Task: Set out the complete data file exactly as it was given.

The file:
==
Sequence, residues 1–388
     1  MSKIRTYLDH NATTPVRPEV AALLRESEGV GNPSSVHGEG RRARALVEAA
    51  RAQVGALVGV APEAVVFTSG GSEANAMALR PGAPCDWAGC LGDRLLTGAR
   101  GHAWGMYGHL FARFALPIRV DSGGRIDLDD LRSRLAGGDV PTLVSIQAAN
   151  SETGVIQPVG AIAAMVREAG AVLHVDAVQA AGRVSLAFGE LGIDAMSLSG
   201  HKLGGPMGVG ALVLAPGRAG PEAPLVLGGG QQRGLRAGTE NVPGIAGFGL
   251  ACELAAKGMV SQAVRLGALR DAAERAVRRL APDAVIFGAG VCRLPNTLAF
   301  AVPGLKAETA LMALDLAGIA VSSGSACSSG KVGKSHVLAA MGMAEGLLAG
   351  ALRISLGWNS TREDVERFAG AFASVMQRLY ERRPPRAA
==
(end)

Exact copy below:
Sequence, residues 1–388
     1  MSKIRTYLDH NATTPVRPEV AALLRESEGV GNPSSVHGEG RRARALVEAA
    51  RAQVGALVGV APEAVVFTSG GSEANAMALR PGAPCDWAGC LGDRLLTGAR
   101  GHAWGMYGHL FARFALPIRV DSGGRIDLDD LRSRLAGGDV PTLVSIQAAN
   151  SETGVIQPVG AIAAMVREAG AVLHVDAVQA AGRVSLAFGE LGIDAMSLSG
   201  HKLGGPMGVG ALVLAPGRAG PEAPLVLGGG QQRGLRAGTE NVPGIAGFGL
   251  ACELAAKGMV SQAVRLGALR DAAERAVRRL APDAVIFGAG VCRLPNTLAF
   301  AVPGLKAETA LMALDLAGIA VSSGSACSSG KVGKSHVLAA MGMAEGLLAG
   351  ALRISLGWNS TREDVERFAG AFASVMQRLY ERRPPRAA